Anti-Texass Legion: Protest of some free men, states and presses against the Texass rebellion, against the laws of nature and of nations Page: 57 of 72
This book is part of the collection entitled: From Republic to State: Debates and Documents Relating to the Annexation of Texas, 1836-1856 and was provided to The Portal to Texas History by the UNT Libraries.
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Whereas this limited Government possesses no power to extend
its jurisdiction over any foreign nation; and no foreign nation,
country, or people, can be admitted into this Union but by the sov
ereign will and act of the free people of all and each of these United
States; nor without the formation of a new compact of union, and
another frame of government radically different in objects, principles
and powers, from that which was framed for our own self-govern-
ment, and deemed to be adequate to all the exigencies of our own
free Republic: Therefore,
Resolved, That we have witnessed with deep concern the indi.
cations of a disposition to bring into this Union, as a constituent
member thereof, the foreign province or territory of Texas.
Resolved, That although we are fully aware of the consequences
which must follow the accomplishment of such a project, could it be
accomplished-aware that it would lead speedily to the conquest
and annexation of Mexico itself, and its fourteen remaining provin-
ces or ittendencies, which, together with the revolted province of
Texas, would furnish foreign territories and foreign people for at
least twenty members of the new Union. That it would load the
nation with debt and taxes, and, by involving it in perpetual war
and commotions, both foreign and internal, would furnish a pretence
(which a state of war never fails to furnish) for the assumption and
exercise of powers incompatible with our free republican institu.
tions, and subversive of the liberties of the People. That the gov.
ernment of a nation so extended and so constructed would soon be.
come radically changed in character, if not in form; would una-
voidably becore a military government, and, under the plea of ne-
cessity, would free itself from the restraints of the Constitution, and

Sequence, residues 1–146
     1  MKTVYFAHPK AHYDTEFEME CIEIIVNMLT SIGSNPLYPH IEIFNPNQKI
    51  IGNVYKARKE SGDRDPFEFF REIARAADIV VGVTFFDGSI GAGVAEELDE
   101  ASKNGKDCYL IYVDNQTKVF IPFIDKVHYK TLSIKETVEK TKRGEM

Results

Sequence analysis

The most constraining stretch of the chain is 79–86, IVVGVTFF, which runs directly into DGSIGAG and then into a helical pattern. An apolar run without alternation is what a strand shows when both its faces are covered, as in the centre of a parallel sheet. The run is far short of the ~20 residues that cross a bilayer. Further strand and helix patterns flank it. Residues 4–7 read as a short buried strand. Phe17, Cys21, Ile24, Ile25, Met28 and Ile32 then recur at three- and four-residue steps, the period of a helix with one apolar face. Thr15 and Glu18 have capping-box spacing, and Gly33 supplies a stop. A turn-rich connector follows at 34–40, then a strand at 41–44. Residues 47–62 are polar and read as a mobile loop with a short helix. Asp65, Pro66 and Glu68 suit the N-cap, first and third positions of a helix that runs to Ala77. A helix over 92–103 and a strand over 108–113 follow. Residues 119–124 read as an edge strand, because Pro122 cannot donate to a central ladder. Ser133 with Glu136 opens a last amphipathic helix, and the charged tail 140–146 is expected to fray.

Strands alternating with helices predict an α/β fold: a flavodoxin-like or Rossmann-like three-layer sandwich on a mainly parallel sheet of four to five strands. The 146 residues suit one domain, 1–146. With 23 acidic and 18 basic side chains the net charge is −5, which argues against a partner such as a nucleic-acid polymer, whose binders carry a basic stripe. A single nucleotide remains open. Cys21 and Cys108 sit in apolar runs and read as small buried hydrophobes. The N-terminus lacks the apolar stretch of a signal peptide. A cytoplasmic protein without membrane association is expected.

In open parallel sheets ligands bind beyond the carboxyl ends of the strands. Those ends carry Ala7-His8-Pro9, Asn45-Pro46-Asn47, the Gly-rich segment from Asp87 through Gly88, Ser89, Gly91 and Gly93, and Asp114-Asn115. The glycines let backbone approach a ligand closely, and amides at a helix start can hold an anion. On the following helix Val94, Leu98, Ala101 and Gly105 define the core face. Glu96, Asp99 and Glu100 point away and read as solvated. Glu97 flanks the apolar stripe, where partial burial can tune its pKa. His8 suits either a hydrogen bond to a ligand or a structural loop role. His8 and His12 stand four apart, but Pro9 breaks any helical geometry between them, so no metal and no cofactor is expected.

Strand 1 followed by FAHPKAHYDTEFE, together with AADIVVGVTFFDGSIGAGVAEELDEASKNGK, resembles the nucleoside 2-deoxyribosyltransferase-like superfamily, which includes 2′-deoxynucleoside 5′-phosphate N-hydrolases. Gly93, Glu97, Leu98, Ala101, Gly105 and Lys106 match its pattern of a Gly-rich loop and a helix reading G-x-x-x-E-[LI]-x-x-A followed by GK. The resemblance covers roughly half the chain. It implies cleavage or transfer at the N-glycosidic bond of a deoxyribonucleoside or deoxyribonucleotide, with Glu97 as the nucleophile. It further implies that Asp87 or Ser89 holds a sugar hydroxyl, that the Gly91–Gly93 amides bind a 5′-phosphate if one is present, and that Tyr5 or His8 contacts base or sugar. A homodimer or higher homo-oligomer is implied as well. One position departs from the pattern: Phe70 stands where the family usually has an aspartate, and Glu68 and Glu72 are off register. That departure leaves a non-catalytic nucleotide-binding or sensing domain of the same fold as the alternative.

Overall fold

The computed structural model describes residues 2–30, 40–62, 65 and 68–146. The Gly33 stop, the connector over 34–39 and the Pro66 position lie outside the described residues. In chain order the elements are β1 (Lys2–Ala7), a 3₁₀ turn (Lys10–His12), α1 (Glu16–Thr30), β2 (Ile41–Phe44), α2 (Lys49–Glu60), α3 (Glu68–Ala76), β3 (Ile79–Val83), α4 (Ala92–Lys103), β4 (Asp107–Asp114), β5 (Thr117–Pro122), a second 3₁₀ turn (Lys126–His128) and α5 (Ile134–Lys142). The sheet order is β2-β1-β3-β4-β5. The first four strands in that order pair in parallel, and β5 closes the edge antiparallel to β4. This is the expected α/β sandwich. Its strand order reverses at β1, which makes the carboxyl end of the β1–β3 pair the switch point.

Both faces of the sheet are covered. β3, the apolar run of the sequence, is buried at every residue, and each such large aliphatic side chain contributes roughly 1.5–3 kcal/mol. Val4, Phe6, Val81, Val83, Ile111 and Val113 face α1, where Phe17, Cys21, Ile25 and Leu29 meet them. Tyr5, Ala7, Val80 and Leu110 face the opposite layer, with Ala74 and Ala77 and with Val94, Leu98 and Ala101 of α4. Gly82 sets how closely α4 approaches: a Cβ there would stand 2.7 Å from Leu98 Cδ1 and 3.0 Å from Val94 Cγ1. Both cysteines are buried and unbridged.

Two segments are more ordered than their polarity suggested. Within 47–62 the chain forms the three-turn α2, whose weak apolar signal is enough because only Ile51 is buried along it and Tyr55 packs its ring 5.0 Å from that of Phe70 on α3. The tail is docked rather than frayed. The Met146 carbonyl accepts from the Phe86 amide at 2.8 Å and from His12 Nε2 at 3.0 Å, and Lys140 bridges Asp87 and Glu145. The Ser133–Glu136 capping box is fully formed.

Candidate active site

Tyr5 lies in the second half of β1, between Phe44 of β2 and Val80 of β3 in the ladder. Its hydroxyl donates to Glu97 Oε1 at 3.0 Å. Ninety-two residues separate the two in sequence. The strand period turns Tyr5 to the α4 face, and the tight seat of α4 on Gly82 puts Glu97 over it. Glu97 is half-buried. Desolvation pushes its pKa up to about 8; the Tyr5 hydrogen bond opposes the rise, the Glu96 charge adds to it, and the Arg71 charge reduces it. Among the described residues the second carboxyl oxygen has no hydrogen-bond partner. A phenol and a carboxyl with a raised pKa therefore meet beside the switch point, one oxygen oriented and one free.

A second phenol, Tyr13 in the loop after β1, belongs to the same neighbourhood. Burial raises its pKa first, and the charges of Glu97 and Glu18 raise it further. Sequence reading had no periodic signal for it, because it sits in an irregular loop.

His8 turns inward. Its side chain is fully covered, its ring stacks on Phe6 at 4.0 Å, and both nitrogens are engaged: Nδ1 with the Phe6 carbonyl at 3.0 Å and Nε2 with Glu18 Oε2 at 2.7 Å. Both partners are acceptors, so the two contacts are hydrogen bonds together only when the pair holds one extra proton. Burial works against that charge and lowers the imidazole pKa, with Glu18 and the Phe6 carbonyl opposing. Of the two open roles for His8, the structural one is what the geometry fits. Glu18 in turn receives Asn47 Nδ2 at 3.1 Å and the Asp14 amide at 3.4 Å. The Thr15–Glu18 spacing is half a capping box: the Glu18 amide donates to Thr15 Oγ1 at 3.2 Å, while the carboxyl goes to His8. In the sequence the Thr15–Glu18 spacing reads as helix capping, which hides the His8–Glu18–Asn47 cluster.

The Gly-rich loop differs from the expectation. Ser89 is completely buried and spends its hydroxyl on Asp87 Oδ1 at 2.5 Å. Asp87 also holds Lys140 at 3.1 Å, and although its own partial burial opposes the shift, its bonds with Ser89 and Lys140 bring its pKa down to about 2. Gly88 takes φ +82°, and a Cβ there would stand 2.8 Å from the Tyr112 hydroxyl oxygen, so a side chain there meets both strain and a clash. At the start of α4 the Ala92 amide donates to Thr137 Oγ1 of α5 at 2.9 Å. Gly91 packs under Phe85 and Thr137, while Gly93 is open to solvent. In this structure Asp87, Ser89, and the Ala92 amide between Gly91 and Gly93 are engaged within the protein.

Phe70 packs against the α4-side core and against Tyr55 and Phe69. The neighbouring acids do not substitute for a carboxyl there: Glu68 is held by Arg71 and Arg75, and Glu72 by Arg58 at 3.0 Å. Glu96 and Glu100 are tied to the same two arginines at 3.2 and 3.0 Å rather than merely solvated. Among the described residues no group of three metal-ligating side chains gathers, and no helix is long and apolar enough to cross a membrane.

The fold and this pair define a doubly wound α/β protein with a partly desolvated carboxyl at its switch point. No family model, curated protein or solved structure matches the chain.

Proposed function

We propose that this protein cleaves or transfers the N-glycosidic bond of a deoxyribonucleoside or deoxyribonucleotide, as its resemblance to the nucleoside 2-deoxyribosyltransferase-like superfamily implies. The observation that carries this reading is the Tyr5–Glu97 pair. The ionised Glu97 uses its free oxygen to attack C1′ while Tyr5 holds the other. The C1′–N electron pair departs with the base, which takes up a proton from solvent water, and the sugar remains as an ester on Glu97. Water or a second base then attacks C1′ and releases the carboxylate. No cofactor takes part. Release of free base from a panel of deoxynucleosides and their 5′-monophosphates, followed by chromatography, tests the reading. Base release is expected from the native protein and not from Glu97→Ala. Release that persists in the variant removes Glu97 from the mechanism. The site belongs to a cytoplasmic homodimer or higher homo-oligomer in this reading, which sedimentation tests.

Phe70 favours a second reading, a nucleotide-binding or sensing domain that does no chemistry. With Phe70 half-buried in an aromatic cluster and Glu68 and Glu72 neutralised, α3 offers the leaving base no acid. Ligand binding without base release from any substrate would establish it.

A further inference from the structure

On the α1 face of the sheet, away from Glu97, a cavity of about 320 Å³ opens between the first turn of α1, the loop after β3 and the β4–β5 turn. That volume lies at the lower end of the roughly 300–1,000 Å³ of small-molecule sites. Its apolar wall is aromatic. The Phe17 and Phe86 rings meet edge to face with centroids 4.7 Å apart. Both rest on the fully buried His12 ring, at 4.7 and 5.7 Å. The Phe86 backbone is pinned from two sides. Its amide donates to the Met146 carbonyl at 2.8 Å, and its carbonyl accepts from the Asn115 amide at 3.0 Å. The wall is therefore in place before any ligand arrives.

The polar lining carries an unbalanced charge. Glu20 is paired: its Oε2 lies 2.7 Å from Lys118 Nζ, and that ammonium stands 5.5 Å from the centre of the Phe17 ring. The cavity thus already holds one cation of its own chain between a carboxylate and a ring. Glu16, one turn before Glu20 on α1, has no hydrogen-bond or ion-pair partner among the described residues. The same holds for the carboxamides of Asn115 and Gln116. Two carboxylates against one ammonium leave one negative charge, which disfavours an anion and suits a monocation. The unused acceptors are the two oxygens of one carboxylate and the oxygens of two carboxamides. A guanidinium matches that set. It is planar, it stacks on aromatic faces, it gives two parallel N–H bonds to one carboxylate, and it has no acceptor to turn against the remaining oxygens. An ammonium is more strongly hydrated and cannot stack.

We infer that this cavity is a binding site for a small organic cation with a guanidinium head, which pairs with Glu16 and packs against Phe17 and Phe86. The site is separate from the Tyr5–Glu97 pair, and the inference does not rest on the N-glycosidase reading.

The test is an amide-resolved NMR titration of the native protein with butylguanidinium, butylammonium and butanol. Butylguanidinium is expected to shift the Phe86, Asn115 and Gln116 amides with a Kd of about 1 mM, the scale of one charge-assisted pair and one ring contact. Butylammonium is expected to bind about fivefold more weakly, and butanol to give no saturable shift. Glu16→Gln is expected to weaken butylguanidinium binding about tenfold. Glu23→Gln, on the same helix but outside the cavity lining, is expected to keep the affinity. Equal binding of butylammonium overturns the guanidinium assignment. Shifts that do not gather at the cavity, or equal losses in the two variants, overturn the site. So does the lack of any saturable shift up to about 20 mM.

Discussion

from its accountability of the People.
That we are fully aware of the deep degradation into which this
young Republic would sink itself, in the eyes of the whole world,
should it annex to its own vast territories other and foreign territo.
ries of immense though unknown extent, for the purpose of encourag-
ing the propagation of slavery, and promoting the raising of slaves
within its own bosom-the very bosom of freedom-to be exported
and sold in those unhallowed regions. Although we are fully aware
tf these fearful evils, and numberless others which would come in
their train, yet we do not here dwell upon them, because we are firm
ly cotnvinced that the free People of most, and we trust of all these
States, will never suffer the admission of the foreign territory of Tex-
as into this Union as a constituent member thereof; will never suf-
fer the integrity of this Republic to be violated, either by the intro.
duction and addition to it of foreign nations or territories, one or ma-
ny, or by the dismenberment of it by the transfer of any or more of
its members to a foireign nation. The People will be aware, that,
should one foreign State or country be introduced, another and an.
other may be, without end, whether situated in South Amrrerica, in
the West India islands, or in any other part of the world; and that
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Anti-Texass Legion. Anti-Texass Legion: Protest of some free men, states and presses against the Texass rebellion, against the laws of nature and of nations, book, January 1, 1845; Albany. (texashistory.unt.edu/ark:/67531/metapth2356/m1/57/: accessed April 24, 2017), University of North Texas Libraries, The Portal to Texas History, texashistory.unt.edu; .